The McLook rugby collection
3 July 1965 - Wellington
Wellington 23 / South Africa 6
The next game was against Wellington (Hurricanes in S14/15 terms) and upon arrival at the airport and the hotel, there were more Cops than spectators not to mention demonstrators. Students from Victoria University in Wellington were openly against the tour, but nothing came from the expected march -by students- against the tour.
Springboks arriving in Wellington. Top picture shows Andrew Janson and Lofty Nel getting off the bus. Bottom picture shows Kerneels Cronje, Harry Parker and Andrew Janson signing in at the hotel.
It was bitterly cold, wet, with a biting Southwester the day after arrival during the Springboks first practice run and the players were shaking like aspen leaves.
Besides Dawie de Villiers, Lionel Wilson and Piet Botha who were injured, the Springboks fielded a team very similar to the side that played in the tests against Australia. Mans was selected at centre in place of Mannetjies Roux while Frik du Preez were moved to the lock position in place of injured Piet Botha opening the flank position for Jan Ellis.
Nelie Smit (Capt)
Frik du Preez
Sakkie van Zyl
KF Gray (Capt)
Nev MacEwan played in 1956 for Wellington against the Springboks; he was also selected to play out of position (at No8) in the second test of that 1956 series. He and Ralph Caulton also toured to South Africa in 1960 during which he played in all four test matches and Caulton in two of the test matches. Tom Lister was due to tour to South Africa in 1970 and to play in two of the four test matches.
This picture shows Nev MacEwan competing for the ball against Piet Goosen (with the head gear). The other Springboks in the line-out from front to back are Andy MacDonald (No3), Abe Malan (No6), Sakkie van Zyl (behind the Wellington player on the Springbok side of the line-out), Frik du Preez, Jan Ellis, Lofty Nel and Tommy Bedford. Nelie Smit is the scrumhalf.
A crowd of about 38 000 attended the match played in good weather with a light Southwester blowing.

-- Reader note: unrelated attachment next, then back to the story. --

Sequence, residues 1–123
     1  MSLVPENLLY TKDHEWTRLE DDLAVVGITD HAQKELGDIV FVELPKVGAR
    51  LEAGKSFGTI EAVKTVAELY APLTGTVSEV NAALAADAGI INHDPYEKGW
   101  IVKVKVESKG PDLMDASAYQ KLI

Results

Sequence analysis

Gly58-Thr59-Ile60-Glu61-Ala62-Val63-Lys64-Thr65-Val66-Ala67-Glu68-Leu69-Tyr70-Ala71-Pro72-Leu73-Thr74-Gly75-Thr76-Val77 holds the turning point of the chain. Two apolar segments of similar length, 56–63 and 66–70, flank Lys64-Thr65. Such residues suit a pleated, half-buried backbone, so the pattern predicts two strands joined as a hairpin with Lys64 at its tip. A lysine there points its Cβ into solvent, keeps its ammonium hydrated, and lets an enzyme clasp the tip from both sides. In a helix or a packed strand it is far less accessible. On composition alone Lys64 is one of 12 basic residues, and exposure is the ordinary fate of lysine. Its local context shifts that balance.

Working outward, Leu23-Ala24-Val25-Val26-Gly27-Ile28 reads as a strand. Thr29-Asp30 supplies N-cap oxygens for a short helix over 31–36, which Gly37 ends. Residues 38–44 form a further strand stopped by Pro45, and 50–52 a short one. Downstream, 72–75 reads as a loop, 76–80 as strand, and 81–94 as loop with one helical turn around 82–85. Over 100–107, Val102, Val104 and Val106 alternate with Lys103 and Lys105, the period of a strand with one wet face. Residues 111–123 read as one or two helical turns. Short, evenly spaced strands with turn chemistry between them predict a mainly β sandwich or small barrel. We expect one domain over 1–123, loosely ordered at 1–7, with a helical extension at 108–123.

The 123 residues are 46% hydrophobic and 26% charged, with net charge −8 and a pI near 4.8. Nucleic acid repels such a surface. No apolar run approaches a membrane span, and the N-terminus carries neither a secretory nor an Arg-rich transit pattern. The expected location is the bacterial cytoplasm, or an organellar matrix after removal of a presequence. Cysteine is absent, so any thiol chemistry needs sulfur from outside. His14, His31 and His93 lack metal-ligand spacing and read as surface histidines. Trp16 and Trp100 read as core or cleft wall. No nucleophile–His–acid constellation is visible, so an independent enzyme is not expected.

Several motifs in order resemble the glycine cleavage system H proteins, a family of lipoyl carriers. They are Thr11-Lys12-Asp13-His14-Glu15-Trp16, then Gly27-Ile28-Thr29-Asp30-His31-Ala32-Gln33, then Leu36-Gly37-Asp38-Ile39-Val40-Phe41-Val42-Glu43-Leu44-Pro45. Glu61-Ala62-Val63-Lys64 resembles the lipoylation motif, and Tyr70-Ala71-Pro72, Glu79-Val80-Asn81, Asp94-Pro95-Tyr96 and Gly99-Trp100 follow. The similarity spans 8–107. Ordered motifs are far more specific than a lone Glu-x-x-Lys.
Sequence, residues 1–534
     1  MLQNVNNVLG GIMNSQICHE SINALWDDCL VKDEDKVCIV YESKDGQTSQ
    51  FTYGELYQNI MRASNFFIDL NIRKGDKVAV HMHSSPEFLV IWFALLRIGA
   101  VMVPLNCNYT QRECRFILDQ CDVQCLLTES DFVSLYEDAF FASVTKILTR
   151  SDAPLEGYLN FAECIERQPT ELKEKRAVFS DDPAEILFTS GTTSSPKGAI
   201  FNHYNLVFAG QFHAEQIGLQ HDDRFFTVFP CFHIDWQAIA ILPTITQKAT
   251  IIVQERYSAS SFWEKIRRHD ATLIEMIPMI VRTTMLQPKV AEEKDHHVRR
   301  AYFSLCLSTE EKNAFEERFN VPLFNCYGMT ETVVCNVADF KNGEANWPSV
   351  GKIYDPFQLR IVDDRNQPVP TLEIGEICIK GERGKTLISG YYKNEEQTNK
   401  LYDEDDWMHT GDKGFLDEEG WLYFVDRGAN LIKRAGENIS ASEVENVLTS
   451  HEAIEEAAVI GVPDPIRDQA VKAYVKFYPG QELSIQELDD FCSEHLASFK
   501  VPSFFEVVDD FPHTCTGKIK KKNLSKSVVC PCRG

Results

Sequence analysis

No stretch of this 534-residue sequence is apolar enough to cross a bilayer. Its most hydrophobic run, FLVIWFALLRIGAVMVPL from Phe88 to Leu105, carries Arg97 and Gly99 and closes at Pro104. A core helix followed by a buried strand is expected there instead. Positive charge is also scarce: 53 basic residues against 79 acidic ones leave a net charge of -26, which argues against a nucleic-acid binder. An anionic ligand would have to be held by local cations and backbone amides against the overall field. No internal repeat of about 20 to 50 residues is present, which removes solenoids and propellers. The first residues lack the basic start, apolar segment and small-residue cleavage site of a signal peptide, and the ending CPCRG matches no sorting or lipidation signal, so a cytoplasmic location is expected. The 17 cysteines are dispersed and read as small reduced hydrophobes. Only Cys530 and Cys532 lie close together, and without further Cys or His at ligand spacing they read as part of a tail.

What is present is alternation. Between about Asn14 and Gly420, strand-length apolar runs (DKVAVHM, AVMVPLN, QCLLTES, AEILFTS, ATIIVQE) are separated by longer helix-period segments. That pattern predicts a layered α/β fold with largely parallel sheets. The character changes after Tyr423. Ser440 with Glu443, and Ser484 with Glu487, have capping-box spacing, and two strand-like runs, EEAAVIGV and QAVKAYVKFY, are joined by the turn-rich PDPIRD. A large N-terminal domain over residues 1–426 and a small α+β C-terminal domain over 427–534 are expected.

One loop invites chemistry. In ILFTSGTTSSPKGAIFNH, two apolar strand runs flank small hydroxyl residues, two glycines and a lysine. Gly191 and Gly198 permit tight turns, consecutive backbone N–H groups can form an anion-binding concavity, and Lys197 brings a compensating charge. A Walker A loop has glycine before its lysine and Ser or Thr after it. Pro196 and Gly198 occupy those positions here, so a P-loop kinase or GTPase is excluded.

Nelie Smit and Ken Gray leading their teams onto the field.
About this match McLean writes:
...the Wellington team bashed the Springboks with power in the forwards and precision in the team play. By half-time, the score was 17-3.
The New Zealand captain of 1953-54, R.C. Stuart, one of the profoundest of rugby students, remarked in die Sports Post: “The 1956 Springbok team were technically perfect but tactically indifferent. This 1965 team are babes-in-arm tactically. Their tactical blunders today would not be tolerated by any self-respecting club side in New Zealand.”
Fair comment. Very fair comment. But it should still be noted that out of all the comings and goings, each team scored only one try.
McLean also writes that Wellington was by far the better team on the day but that the speed of the Springbok backline allowed them to scramble well enough on the defence with the result that the Wellington team won the match primarily with penalties.
A collage of pictures from the Wellington match
The game had been in progress for 10 minutes when Williment opened the scoring with a 40 meter left foot drop goal. Five minutes later he was successful with a penalty when Bedford was caught offside in a lineout. There was another successful penalty by Williment before Mans opened the scoreboard for South Africa with a 52 meter penalty. Seven minutes before halftime Bedford was again caught offside and Williment was successful with yet another penalty. Two minutes later Wellington send the ball down the backline from a scrum; Williment, the fullback, jumped into the line passed to Bowerman who send Uttley, the centre, over for Wellington's only try for the day. Williment converted; the halftime score 17-3.